By Emily Rushton
Crème brûlée, beef bourguignon, and baklava – these are just a few of Dominic Mathison’s favorite things (to make).
Mathison, IT specialist for UIT Network & Communications Infrastructure (NCI), has been cooking since he was a kid. It runs in his family: his grandfather served in the Navy as a chef; his uncle attended culinary school and became a pastry chef; and his dad grew up cooking and working in restaurants (eventually owning his own pizza restaurant).
"I was always around food,” Mathison said. "[My dad and I] would watch Jacques Pépin cooking videos and then try to replicate it. Ever since I was little, we’d always cook together."
Mathison has had an interesting life thus far. He was born in Ketchikan, Alaska, and, thanks to his parents’ entrepreneurial tendencies, has lived in Puerto Rico, Florida, India, Montana, and Utah over the course of his life. While in Alaska, his parents opened an internet café in the basement of his dad’s pizza restaurant.
"That’s kind of where I got my start in IT," said Mathison. "I could type my name before I could write it."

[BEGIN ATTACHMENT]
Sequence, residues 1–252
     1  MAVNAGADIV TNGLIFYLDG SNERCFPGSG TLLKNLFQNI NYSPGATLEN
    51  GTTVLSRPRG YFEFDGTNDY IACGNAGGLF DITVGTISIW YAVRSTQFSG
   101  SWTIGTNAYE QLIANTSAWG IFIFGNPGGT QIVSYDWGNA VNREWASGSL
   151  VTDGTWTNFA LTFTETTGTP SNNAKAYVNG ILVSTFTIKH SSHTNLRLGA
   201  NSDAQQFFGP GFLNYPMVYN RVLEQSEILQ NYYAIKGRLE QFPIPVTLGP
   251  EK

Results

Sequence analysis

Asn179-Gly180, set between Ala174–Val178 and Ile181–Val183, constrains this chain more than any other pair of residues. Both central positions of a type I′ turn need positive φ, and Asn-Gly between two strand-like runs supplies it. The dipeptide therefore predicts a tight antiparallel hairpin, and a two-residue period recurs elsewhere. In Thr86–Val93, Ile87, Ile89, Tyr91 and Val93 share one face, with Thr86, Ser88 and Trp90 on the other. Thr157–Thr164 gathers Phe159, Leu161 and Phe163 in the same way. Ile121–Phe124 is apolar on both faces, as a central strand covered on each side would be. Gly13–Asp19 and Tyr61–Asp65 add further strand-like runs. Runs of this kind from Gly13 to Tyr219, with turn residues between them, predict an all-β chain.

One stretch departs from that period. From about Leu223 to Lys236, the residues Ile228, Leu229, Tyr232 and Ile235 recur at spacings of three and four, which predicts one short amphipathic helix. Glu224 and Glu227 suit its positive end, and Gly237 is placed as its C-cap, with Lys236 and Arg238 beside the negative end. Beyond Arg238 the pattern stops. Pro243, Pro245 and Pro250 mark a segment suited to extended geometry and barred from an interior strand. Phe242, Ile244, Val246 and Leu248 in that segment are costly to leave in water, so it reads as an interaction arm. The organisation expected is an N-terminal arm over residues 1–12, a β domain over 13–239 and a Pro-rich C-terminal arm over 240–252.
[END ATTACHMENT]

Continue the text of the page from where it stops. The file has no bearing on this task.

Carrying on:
His parents started multiple ventures from there, including a technical kiosk company (think hotel business centers), a housing company, and an effort to install internet for multiple small Indian villages.
Through all that time, Mathison continued learning how to cook with his dad, and picked up new skills, techniques, and recipes from each place he lived.
"I think every area definitely influences a lot," he said. "I’ve picked up a little bit from each place."
Mathison enjoys trying different recipes and styles of cooking, including Julia Child’s famously difficult beef bourguignon recipe, which took him six hours to recreate.
"It was really fun to do," he said. "Different cuisines are always fun to try making homemade."
In addition to cooking, Mathison has also recently started roasting his own coffee beans for espresso, an interest that came about after he was unable to find a good quality espresso in Salt Lake City. Combined with the price of buying a double espresso at least once a day, Mathison said, “There’s got to be a better way.” After a little internet research and equipment purchasing, Mathison began roasting his own coffee beans and hasn’t looked back. His home-roasted coffee beans double as a great gift idea, too.
"It’s really nice to give to people," he said.
When his parents moved back to Alaska in 2015, Mathison decided to stay in Salt Lake City to finish attending college at the U.
"I didn’t know how to cook for one person. I’d cook for myself, but there would be food for four," he said, laughing. Nowadays, he often cooks dinner at home for his roommates, who (surprise!) never complain about having to eat all that delicious food.
"It’s really fun to cook, and it’s even more fun to watch other people enjoy it," Mathison said. "It’s one of the best gifts you could give people – something delicious to eat."